ORLANDO, Fla. — The cleanup continues for parts of Orange and Lake counties after two separate tornadoes touched down over the weekend, causing damage to homes.
What You Need To Know
- Tornado touched down Saturday night in Fern Creek area
- No injuries, tree limbs down, homes sustained damage
- Tornado reported in Lake County on Sunday
Saturday nights’s severe weather took a nasty turn when a tornado touched down in Orlando, damaging homes and downing tree limbs and power lines.
This apartment complex was hit hard by a tornado Saturday night. The damage here is still severe but looking better than yesterday, a lot of the debris has been cleared, shattered windows now boarded up @MyNews13 pic.twitter.com/f0jHUblJx9— Rachael Krause (@RKrause_News) June 8, 2020
According to the National Weather Service, the Orlando tornado initiated at 7:20 pm as a waterspout over Lake Conway.
The waterspout continued northward, crossing little Lake Conway and Hoffner Avenue Then it continued northward as a tornado while generally paralleling Ferncreek Avenue, and lifting just north of Lake Lawsona in Thornton Park at approximately 7:32 pm.
The majority of damage was determined to be in the form of uprooted trees and large limbs, causing roof damage to homes and structures.
A wind speed of 65 to 85 mph was determined.
It was found that more substantial damage occurred in the vicinity of Lake Margaret Drive and Ferncreek Ave where significant roof damage was observed to several structures consistent with EF-1 intensity (100-105 mph).
The tornado path width varied from approximately 350 to 500 yards, with a length of 5.3 miles.
Jose Pico was inside his home when the tornado hit Saturday. He says he thought he was going to die.
“It’s hard, I mean, I lost everything. I don’t have anything. All my belongings are gone, I don’t have anything. Thank God my wife and my God, they’re alive. They’re alive,” he described.
Tornado left damage across Orlando neighborhood
There were several tornado warnings and severe thunderstorm warnings issued across the region Saturday afternoon and evening.
A number of homes sustained damage near Lake Margaret Drive and Fern Creek Avenue. About 30 to 50 families were displaced by the storms.
Some roofs appear to be blown off entirely in some spots, destroyed and wiped out in others. Tree limbs still litter yards, roadways and sidewalks here in the area.
It was a scary situation for many on Saturday night who said the storm came in so quickly. Some homes remained without power Sunday morning.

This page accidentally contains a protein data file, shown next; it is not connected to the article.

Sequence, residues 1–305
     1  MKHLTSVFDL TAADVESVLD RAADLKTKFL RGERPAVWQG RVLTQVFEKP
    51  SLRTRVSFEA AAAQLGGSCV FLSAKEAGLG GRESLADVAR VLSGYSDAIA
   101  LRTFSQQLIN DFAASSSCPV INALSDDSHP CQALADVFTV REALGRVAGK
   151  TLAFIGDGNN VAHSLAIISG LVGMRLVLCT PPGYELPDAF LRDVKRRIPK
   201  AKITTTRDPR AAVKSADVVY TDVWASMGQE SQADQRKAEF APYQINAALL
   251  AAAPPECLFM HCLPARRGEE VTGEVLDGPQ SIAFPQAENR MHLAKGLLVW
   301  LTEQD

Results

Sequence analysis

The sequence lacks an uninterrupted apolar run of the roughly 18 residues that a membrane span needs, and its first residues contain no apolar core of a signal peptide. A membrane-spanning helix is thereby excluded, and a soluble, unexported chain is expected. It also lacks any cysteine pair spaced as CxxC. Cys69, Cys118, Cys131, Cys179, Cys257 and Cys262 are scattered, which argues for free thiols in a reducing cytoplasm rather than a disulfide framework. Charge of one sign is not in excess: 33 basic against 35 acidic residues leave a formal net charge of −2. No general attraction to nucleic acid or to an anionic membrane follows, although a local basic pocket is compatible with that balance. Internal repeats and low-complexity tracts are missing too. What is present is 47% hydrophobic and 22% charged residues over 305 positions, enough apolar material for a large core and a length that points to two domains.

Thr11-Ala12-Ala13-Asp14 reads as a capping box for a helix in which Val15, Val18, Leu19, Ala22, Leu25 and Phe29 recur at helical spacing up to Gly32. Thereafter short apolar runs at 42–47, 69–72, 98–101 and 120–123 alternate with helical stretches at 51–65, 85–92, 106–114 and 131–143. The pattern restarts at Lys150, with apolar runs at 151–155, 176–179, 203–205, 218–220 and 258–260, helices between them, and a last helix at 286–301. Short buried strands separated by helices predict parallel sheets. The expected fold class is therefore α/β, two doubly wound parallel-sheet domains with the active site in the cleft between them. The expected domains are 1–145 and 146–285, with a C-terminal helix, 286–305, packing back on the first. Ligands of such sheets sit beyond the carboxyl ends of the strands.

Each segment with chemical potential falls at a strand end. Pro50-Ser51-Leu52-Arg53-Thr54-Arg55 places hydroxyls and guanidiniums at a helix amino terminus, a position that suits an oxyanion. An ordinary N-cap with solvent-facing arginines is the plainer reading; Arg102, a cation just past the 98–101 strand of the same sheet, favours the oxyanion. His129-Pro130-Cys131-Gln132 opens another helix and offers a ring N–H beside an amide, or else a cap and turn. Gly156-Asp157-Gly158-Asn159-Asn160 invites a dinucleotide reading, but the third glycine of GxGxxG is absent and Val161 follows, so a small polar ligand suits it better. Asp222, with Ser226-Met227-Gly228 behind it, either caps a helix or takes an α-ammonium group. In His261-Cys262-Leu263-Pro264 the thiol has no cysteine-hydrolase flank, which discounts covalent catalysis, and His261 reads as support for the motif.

Alex Garcia and his family said they huddled in the bathroom for safety when the storm hit and it struck fast.
“It was just horrible, it was a horrible experience," Garcia said. "I don’t wish that on nobody. But luckily, it’s all material stuff. My family is fine, I’m fine and that’s all that matters right now, it’s all that matters."
Garcia said the inside of his home is filled with glass but other than that, not too much else was damaged.
Meanwhile, Kim Dill and her family thought they were in the clear Saturday afternoon, saying the tornado warnings had expired a few minutes earlier and were waiting for the storms to pass so their daughter and her friends could go swimming outside.
“And we were in the family room, I had the three girls and we were talking about outside and what was going on and she noticed the winds and she pointed to me and said ‘mom’, " Dill said. "And I looked out and I thought, 'that is not right.' I’ve never seen winds like that, I knew it wasn’t even hurricane winds.
"And then, I immediately heard the train sound and I started yelling at all of them to get them in the closet, grabbed the dogs threw them in the closet. And I thought, this is actually the real deal."
The Dills said they have got windows blown out, but they have been boarded up and the exterior of their house was damaged from the tornado.
But they said their neighbors were hit worse and they will get to work cleaning up there home and help their neighbors.
A lot of people are just grateful they’re OK and were able to wait out the worst of the storms from a safe spot.
After a storm, sometimes it’s not as much about the cleanup, but the way the people around you pick up your spirits.
It didn’t take long before people were storming into their neighbors’ yards, tools in hand, ready to get to work and show some neighborly love.
Doug and Yolonda Huhn have weathered plenty of storms together in this house, including the back-to-back hurricanes of 2004. But they say this was the worst.
“It was extensive with the roof and also the windows shattering, and all the glass was dispersed throughout the entire house,” Yolonda described.
Right after the tornado passed, they got flooded with support from neighbors. Now their windows are boarded, big debris is out of the way, and Doug even got some help up top to hammer away at some roof damage.
For the tough-to-reach tasks, Bobby Weddle and his crew with Tri Country Tree and Bobcat Services, offered a lift.
“They’re relieved because a lot of people don’t have what it takes to get large trees in some difficult spots off as efficiently and safe,” said Weddle.
He believes this should be expected, not expensive.
Even though Yolanda and Doug never expected to be picking up after a tornado, they could never ask for more compassion.
“It’s a good neighborhood,” they said. “(We’re) very honored to live here.”
The Orange County Property Appraisers came out to this area and estimated about $870,000 worth of damage. No homes were deemed a total loss.
Brief Tornado Touches Down in Lake County
While it was first reported that the National Weather Service would go out to Lake County to inspect possible damage, the agency decided on Monday morning that it would not go to investigate.
It also stated that the tornado that touched down in Lake County was no greater than an EF-0.